By: Anonymous: Jim D () Monday, 23 March 2015 @ 09:09 AM ICT (Read 969 times)
If some new technology doesn't make things that much better, the logical question is, why use it? For example, why the need for an expensive, needless thing such as a ride-by-wire throttle? I have replaced clutch and throttle cables on the side of the road and can't imagine doing anything to repair a failed computer-controlled unit on a trip without investing huge amounts of money and time waiting for the exact part. Sometimes, a cable, a carburetor and getting to really know your motorcycle is 10 times better than having the motorcycle do it all for you...
By: ThaiDesign (offline) Monday, 23 March 2015 @ 09:41 AM ICT
To a certain extent, I agree: Technology for its own sake – which you see more often in modern cars than on motorcycles – can offer just as much grief and potential expense as convenience. But while ride-by-wire does complicate what once was a dead-simple system, it is far from 'needless' technology.
For one thing, ride-by-wire has allowed many current motorcycles to meet stringent noise and emissions requirements despite having highly tuned engines that offer tremendous performance. Under certain conditions, the ECU determines the actual throttle opening, despite what the rider might do with the twistgrip.
Sometimes, those circumstances involve the combination of engine rpm, road speed and transmission gear at which sound levels are officially tested; it the throttle were opened as much as the rider requested, the motorcycle would fail the environmental test. Same goes for certain aspects of exhaust emissions certification: To pass that test, throttle openings might have to be slightly less than what the rider dialed up. And if manufacturers are caught selling motorcycles that cannot meet those requirements, the penalties are severe.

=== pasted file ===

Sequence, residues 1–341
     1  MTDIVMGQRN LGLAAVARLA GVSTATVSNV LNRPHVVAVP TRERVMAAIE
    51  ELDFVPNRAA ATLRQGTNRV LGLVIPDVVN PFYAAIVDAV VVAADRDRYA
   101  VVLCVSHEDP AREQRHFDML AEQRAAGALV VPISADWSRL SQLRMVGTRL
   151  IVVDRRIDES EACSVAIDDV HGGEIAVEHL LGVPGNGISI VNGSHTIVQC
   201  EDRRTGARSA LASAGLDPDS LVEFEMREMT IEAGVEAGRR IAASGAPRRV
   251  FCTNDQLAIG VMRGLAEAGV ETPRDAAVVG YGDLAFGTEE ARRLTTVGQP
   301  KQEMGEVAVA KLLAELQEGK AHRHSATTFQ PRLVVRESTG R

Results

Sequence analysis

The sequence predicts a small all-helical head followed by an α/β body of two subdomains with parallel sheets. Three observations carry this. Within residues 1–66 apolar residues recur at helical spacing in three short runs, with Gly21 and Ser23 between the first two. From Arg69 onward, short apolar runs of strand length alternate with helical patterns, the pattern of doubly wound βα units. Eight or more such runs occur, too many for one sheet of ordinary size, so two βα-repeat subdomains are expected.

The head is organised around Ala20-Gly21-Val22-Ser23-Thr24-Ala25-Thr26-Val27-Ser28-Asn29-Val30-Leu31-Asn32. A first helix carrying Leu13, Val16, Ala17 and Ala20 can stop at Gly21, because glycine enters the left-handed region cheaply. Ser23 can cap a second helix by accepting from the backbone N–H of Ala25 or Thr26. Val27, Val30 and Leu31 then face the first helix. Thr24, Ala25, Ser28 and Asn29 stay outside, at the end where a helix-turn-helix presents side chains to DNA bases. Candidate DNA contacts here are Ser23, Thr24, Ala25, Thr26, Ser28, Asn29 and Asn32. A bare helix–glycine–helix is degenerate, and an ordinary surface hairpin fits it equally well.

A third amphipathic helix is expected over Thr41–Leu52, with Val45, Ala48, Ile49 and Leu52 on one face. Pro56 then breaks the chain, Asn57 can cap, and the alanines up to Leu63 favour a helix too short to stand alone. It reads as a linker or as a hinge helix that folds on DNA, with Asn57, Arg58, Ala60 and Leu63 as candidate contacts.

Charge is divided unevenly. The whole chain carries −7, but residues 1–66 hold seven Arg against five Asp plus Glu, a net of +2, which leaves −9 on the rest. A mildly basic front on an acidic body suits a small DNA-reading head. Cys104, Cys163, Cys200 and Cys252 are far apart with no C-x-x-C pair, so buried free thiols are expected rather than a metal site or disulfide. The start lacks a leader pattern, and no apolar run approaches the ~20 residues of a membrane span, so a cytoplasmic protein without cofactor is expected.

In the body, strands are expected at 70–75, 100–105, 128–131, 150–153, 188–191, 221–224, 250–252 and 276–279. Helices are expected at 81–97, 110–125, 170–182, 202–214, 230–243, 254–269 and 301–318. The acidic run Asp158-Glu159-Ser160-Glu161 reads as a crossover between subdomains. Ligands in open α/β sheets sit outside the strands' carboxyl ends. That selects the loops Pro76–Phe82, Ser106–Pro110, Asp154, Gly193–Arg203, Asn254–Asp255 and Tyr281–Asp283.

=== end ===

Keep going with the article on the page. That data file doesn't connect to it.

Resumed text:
Then there is the rideability factor. Modern sportbike engines, especially those in the liter class, pump out huge amounts of power throughout the entire rpm range. With a manual throttle, even a little too much tsistgrip during a mid-corner lean could cause a crash. But with ride-by-wire (and, when applicable, traction control, which also works via computer-controlled throttles), power can be modulated in a way that greatly lessens the likelihood of such an outcome, regardless of how far or how rapidly the twistgrip is opened.
So, yes, without technology, the world would be a much simpler, potentially less-expensive place. But for motorcycle riders in particular, it might also be a more dangerous place, even though we all could be riding motorcycles that offered less-exciting performance.
I have a new motorcycle, just a few months old and I had a problem with that the motorcycle was difficult to start and sometimes it had no acceleration power.
The dealer quickly found out that it was a problem with the fuel injection system, not precisely know which part was the problem, but the dealer didn't had the part and needed to order it from the manufacturer/distributor in Bangkok.
If the motorcycle had carburetors I'm sure the problem was fixed in a few minutes, or an hour or two at the most.